After visiting Goldstein’s shrine, lawmakers should take a stroll through the narrow lanes of Hebron’s Old City, which lies just a short way from Kiryat Arba. There, Palestinian shopkeepers rely on a steel net to protect themselves from the bricks and soiled diapers that settlers and their children dump on them each day. Beyond the market is Shuhada Street, a Jews-only road where hundreds of Palestinian shops have been closed by the Israeli military. Lawmakers from New York will immediately recognize the accents of the settlers parading down the eerily empty street, while those from open carry states like Arizona might appreciate the sight of the machine guns slung over these patriotic rebels’ shoulders. The settlers have also put their artistic talent on display with graffiti on Palestinian homes that reads, “Gas the Arabs.”
7. Al Araqib
Lawmakers seeking a first-hand look at how Israel makes the desert bloom might consider a trip to the little Bedouin village of Al Araqib. Nestled comfortably inside the territory that Peter Beinart refers to as “democratic Israel,” Al Araqib is among the scores of unrecognized villages dotting the Negev Desert whose residents are unable to receive public services because they are not Jews. In order to make way for a forest planted by the Jewish National Fund (JNF), a tax exempt US-based non-profit, Israeli bulldozers and riot police have destroyed Al Araqib over 80 times, forcing its homeless residents to live in the village cemetery while billing them $500,000 for the demolitions. The JNF’s planned forest has received handsome financial support from British End Timers Rory and Wendy Alec, who have urged their followers to help them “beautify the land of Israel for the return of the Messiah.” The project shows how Israel creates interfaith opportunities in the unlikeliest of places — even on the ruins of a demolished Bedouin town.
“This country belongs to us, the white man.” Those were the words of former Israeli Interior Minister Eli Yishai, who promised non-Jewish African migrants that he would “make their lives miserable.” In keeping with Yishai’s vow, the Israeli government has constructed Holot, an internment camp in the Negev Desert for African asylum seekers who committed the crime of attempting to live in Israel while non-Jewish, and whose lack of J-Positive blood prevents them from a path to citizenship or even asylum. (All Jews can receive immediate Israeli citizenship according to the country’s “Law of Return”). For the thousands of African residents of Holot, Israel is a giant Sundown Town that forbids them from staying outside the camp’s gates past 10 PM.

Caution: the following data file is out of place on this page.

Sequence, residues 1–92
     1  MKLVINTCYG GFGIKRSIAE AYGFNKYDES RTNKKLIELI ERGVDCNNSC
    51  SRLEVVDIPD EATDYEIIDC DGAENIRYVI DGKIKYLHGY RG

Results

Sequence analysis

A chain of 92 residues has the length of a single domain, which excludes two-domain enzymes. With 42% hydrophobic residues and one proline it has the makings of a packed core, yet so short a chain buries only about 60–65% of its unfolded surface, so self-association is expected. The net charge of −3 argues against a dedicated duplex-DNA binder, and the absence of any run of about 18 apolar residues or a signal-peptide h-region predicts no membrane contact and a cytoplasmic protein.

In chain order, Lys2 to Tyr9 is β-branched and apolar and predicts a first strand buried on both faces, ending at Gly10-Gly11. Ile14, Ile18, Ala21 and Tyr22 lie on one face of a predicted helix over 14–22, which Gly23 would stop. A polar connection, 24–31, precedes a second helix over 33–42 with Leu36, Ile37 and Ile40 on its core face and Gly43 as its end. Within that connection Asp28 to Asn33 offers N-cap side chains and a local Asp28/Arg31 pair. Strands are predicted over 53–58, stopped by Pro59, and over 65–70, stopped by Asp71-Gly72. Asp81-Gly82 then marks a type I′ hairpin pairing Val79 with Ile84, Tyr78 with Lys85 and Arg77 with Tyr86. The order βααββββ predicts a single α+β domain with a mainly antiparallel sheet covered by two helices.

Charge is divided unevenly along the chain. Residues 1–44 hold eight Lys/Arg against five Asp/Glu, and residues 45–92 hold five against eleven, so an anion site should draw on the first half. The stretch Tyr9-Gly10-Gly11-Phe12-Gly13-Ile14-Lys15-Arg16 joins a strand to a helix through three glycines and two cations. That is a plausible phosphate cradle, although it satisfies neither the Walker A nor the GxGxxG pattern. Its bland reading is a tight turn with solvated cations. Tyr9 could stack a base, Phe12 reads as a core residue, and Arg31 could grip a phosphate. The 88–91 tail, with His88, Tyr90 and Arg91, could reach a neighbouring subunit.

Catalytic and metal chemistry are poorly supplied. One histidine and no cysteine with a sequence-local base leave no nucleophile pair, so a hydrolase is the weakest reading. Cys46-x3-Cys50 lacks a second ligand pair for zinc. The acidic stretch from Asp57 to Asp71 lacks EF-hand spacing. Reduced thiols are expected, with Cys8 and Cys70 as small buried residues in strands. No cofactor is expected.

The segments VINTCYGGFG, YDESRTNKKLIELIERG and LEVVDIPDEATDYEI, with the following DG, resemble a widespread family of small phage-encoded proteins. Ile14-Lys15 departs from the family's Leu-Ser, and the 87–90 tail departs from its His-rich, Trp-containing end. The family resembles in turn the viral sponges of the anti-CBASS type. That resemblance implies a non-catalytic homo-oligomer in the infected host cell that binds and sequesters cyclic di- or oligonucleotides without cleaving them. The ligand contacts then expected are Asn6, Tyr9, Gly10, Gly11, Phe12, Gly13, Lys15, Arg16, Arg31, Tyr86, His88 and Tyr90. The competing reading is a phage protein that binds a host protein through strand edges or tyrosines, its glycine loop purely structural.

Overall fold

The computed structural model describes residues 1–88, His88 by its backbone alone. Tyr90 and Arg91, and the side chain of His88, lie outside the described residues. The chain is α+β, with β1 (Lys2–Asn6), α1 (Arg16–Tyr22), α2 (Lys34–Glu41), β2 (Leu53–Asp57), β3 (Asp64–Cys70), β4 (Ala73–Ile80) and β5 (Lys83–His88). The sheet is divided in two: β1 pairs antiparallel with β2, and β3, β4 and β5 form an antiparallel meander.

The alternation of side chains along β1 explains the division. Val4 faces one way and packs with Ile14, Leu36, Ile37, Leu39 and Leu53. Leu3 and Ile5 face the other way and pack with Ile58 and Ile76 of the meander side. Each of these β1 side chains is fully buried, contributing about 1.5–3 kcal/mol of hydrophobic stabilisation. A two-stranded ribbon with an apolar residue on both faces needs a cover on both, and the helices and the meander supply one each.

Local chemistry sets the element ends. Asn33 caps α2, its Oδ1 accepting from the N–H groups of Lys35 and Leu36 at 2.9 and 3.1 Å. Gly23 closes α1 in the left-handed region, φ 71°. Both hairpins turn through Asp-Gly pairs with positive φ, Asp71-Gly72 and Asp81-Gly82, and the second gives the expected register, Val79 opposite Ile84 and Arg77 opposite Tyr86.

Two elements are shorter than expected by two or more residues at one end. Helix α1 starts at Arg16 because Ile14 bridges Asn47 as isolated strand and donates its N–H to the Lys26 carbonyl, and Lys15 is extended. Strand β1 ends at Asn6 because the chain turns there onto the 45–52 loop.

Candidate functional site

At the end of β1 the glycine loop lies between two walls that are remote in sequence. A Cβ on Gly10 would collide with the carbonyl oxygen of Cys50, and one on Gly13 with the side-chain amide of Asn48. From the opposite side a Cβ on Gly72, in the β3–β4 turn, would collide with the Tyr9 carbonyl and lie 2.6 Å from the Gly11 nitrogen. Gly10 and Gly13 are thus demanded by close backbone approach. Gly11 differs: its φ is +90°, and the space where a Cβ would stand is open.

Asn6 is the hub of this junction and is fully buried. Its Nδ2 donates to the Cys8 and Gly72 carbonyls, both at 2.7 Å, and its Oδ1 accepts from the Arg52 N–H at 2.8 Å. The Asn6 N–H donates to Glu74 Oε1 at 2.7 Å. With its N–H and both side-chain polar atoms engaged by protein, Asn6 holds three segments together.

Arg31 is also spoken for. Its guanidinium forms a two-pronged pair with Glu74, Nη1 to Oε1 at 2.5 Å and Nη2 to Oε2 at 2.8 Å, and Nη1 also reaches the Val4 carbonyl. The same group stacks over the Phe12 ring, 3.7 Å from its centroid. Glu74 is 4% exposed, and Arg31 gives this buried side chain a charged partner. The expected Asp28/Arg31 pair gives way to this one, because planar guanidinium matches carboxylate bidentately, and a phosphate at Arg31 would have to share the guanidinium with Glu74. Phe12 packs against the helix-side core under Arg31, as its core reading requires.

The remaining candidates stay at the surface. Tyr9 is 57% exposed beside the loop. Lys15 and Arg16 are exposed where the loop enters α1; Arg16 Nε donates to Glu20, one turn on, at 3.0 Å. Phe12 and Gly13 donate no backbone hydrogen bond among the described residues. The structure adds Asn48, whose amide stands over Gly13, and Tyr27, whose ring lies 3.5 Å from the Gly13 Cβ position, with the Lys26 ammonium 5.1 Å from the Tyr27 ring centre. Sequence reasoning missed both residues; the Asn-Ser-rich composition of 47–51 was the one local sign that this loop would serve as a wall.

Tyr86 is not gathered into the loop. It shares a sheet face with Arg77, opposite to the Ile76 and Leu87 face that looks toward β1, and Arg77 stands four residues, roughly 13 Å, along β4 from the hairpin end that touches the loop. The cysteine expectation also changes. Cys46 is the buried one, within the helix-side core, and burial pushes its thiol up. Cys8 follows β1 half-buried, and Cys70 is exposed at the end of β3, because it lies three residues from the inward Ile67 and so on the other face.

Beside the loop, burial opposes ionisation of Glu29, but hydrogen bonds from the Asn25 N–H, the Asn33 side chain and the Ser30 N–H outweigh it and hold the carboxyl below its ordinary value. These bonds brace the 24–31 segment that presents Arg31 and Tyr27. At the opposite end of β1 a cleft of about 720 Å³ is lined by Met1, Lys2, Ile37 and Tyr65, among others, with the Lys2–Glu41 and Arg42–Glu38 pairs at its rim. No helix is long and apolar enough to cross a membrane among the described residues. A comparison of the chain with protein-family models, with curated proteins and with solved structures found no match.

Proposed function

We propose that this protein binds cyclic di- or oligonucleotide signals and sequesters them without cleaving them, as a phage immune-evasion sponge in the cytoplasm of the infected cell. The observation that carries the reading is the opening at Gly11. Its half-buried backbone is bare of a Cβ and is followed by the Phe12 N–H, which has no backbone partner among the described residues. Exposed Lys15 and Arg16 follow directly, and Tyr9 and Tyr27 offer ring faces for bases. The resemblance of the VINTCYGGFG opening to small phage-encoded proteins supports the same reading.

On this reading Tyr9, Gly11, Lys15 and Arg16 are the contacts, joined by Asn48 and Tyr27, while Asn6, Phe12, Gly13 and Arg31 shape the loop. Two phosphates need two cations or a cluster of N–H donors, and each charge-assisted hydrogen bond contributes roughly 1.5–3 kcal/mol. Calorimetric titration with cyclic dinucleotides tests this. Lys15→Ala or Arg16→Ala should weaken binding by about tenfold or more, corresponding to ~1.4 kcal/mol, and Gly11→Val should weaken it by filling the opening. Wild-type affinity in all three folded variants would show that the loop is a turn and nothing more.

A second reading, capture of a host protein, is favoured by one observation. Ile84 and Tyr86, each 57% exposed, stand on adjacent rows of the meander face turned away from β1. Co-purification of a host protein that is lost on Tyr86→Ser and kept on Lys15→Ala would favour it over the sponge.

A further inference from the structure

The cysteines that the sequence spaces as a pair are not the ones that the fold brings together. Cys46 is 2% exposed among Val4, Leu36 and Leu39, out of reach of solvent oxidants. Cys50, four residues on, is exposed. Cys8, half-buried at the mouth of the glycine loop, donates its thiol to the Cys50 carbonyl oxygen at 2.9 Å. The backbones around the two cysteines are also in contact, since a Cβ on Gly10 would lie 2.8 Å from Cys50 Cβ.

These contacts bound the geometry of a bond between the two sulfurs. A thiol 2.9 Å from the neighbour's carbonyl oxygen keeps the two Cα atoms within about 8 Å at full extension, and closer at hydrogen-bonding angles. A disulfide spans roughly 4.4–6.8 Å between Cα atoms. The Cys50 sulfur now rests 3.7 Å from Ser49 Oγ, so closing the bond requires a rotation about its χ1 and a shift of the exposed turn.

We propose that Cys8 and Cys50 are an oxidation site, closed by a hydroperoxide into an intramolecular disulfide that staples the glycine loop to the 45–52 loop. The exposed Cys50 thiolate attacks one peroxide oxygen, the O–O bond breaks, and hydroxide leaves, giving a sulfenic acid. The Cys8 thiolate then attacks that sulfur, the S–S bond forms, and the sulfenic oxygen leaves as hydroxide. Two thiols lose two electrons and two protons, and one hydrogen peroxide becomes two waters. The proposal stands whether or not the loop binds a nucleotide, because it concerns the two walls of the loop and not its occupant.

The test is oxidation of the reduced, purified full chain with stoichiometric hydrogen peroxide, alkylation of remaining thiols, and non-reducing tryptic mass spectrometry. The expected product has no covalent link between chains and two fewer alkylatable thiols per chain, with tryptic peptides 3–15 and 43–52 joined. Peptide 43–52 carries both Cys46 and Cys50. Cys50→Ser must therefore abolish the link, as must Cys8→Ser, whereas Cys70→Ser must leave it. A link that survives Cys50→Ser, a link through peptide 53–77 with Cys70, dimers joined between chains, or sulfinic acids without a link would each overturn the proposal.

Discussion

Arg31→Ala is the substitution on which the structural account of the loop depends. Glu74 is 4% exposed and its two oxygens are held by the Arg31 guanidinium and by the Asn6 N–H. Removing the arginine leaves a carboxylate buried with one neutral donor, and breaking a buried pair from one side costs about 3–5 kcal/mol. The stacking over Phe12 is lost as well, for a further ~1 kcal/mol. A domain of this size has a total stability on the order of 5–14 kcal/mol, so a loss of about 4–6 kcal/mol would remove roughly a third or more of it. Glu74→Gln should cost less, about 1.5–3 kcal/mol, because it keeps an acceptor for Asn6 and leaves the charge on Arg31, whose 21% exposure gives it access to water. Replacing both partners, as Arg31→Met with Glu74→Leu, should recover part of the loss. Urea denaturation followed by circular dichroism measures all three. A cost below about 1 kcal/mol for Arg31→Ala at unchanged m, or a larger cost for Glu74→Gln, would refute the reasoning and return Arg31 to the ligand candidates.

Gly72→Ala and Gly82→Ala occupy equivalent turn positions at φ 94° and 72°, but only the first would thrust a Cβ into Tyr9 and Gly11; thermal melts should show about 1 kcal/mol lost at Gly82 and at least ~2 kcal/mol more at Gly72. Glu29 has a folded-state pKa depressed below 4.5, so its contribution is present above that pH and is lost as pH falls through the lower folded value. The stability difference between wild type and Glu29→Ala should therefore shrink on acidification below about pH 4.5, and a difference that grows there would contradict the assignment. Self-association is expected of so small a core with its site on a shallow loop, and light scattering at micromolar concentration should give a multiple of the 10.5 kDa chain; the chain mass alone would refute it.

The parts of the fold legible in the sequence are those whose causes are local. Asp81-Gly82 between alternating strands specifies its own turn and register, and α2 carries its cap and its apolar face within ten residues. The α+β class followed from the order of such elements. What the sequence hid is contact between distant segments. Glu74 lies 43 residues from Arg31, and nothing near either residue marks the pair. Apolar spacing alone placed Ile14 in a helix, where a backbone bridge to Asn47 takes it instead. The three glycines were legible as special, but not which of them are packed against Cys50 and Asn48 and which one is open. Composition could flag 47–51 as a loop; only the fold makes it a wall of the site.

Rep. Mark Takai is one of the House members joining Hoyer on the Democratic AIPAC tour. Takai has taken a special interest in commemorating the internment of his fellow Japanese Americans during World War Two. For him, Holot offers the chance to visit one an active internment center for ethnic outcasts, complete with barbed wire and special ID numbers. Israeli President Reuven Rivlin has called Holot a “concentration camp,” but the Israeli government prefers to call it an “accommodation center.” African-American members of the Democratic delegation should beware: Unless they find Holot’s notoriously threadbare accommodations attractive, they had better not overstay their visas.
9. Deir Yassin
When members of Congress visit the Yad Vashem Holocaust Memorial Museum in Jerusalem, they will emerge from a heart-rending exhibition documenting Jewish genocide in Europe and find themselves on a veranda that offers a sweeping view of Israeli-controlled Jerusalem — the supposed answer to thousands of years of Jewish suffering. In the valley below, they might see the ruins of a village called Deir Yassin. On April 9, 1948 the Zionist militia known as the Irgun massacred over 200 of Deir Yassin’s residents, triggering a wave of terror throughout Palestine and accelerating the forced expulsion of 750,000 indigenous Palestinians. In order to preserve Israel as an ethnically pure Jewish state, those refugees have not been allowed to return. And while over 400 Palestinian villages were destroyed, Deir Yassin’s homes were converted into wings of a mental hospital for patients suffering from Jerusalem Syndrome. Legislators should not expect to learn about this critical piece of Israeli history from a Yad Vashem staffer. Indeed, when a Yad Vashem guide named Itamar Shapira informed a tour group about the massacre in Deir Yassin, he was quickly fired.
* Due to the US-backed Israeli-Egyptian siege of Gaza, members of Congress will not be able to meet any of the 1.8 million people living in the ruins of this stateless coastal enclave, where Israel killed over 2200 people in 51 days last year, including 550 children.